What We Do

In promoting the rule of law in developing countries, IRLI seeks to undertake collaborative projects aimed at enhancing the provision and protection of human rights, democracy and good governance. To date projects have addressed the broad spectrum of rule of law: from capacity development of national judiciary to legal aid and legal information at a grassroots level.

IRLI has specialised in three programme areas:

  • Access to Justice
  • Institutional Capacity Building
  • Clinical Legal Education.

Access to Justice Programme Malawi

2017-05-12 09.18.33In partnership with the Malawian Judiciary, Legal Aid Bureau, the Office of the Director of Public Prosecutions and the Malawi Police Services, IRLI works to improve the criminal justice sector by providing direct access to the justice services to detainees and people in conflict with the law, increasing institutional capacity on due process rights and challenging a culture opposed to restorative justice. Six IRLI expert lawyers are permanently present in Malawi, with four of these seconded to the key institutions for mentoring purposes.

 

2017-05-05 10.47.42In 2016, IRLI trained 54 magistrates, over 300 police officers and 10 advocates from the DPP and LAB. In addition to this, 200 detainees have been provided with legal services. IRLI also facilitates four child diversion programmes each year, which are an alternative to custody for children in conflict with the law. These rehabilitation and life skills programmes are run by IRLI alongside Malawian social workers and reach between 60 and 80 young people each year.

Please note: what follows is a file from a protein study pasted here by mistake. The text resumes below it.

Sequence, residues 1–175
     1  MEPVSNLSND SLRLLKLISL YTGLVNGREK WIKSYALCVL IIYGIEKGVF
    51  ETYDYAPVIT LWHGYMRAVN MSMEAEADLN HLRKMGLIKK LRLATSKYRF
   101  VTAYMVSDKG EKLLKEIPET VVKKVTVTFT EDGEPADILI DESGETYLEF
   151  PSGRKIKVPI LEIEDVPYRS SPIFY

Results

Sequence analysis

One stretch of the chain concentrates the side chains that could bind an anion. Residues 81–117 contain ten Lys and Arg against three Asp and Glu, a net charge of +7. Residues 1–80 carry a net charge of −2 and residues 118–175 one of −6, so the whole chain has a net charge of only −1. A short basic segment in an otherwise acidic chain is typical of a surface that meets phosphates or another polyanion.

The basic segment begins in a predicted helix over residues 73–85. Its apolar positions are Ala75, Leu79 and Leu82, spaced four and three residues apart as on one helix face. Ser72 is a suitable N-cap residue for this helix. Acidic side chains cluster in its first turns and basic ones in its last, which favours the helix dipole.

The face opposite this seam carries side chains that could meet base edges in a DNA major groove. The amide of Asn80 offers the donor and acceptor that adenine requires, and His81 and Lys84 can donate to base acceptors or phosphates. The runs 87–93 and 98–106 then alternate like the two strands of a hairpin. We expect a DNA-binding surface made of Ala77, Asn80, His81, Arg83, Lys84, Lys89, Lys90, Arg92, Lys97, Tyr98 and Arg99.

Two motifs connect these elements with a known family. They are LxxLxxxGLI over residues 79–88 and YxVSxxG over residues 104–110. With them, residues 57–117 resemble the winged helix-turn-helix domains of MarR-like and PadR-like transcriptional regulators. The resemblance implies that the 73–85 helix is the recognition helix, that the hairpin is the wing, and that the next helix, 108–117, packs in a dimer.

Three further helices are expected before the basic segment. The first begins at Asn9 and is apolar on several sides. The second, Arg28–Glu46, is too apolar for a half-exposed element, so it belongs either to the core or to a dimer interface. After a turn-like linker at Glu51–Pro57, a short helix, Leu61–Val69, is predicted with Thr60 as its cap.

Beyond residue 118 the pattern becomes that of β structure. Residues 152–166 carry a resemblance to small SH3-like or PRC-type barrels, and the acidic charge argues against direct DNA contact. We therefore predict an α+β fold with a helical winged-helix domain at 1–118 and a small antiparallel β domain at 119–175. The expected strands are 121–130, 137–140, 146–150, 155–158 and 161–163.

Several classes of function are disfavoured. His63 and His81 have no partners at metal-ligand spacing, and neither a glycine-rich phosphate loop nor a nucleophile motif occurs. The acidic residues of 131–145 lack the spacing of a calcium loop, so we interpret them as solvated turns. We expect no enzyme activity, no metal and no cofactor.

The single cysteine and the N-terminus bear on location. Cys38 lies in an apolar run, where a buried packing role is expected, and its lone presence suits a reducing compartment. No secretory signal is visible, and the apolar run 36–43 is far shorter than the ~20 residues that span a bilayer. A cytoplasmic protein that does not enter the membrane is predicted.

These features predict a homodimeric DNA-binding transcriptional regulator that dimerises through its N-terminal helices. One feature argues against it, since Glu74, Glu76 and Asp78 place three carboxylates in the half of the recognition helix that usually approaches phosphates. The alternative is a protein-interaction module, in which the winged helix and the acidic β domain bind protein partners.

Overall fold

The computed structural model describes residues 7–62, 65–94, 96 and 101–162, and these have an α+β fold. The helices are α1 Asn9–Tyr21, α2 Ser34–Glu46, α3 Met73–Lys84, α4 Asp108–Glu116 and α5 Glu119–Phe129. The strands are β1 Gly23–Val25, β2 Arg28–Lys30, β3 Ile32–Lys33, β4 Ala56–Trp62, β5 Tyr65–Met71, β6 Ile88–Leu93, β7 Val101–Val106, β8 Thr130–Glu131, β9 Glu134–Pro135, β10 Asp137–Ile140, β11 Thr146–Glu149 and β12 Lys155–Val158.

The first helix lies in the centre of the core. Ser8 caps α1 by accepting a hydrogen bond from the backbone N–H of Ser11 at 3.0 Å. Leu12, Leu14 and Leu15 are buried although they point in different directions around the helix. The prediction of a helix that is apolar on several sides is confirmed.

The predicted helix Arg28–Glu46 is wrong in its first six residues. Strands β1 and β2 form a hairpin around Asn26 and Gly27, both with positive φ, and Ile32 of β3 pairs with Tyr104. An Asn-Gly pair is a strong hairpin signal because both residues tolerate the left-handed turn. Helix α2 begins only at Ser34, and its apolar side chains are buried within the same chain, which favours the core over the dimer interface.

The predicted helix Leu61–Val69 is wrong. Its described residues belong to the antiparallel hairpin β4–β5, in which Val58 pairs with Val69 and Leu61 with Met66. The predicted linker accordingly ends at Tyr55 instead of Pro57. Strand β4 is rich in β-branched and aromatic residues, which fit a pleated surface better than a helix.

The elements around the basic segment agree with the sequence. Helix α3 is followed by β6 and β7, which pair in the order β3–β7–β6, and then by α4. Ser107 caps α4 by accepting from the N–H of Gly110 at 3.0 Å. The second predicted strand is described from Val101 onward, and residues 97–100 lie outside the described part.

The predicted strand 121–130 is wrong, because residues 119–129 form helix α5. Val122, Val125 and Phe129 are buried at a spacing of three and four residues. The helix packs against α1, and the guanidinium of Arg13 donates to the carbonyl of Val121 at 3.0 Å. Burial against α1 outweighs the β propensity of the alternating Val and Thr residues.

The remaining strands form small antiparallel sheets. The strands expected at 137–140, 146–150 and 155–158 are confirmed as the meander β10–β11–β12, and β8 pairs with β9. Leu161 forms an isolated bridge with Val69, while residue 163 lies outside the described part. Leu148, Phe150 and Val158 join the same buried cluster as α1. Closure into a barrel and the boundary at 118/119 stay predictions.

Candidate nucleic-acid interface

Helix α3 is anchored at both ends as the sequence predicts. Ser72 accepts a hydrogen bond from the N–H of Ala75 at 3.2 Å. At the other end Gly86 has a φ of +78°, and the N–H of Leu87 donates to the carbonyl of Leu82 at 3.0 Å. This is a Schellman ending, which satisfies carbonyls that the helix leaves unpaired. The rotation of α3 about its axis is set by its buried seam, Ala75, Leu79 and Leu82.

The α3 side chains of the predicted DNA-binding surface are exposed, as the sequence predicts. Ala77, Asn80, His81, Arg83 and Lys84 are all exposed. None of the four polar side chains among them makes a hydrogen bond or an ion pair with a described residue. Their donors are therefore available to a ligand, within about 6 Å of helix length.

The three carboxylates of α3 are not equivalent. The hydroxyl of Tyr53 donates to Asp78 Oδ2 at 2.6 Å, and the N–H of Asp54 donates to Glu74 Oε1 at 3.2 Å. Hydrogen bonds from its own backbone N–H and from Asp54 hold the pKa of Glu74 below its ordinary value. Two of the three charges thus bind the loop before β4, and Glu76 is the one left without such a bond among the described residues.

Read more about our work in Malawi here.

Institutional Capacity Building in partnership with Government Institutions

Below you can read a short summary of some our recent successful capacity building activities, which are carried out in partnership with relevant government and other institutions, and are always driven by the expressed needs of these partners.

Commercial Law Training Programme, South Africa (2002-2017)

2017-05-11 15.16.36The project was run in partnership with the Law Society of South Africa and was supported by Irish Aid in South Africa. The project targeted advocates from historically disadvantaged communities (about 20 per year) to strengthen their skills with a view to increasing their opportunities for engaging in commercial law work, ultimately improving economic development. IRLI supported professional exchanges through placement of selected lawyers in Irish and South African Firms.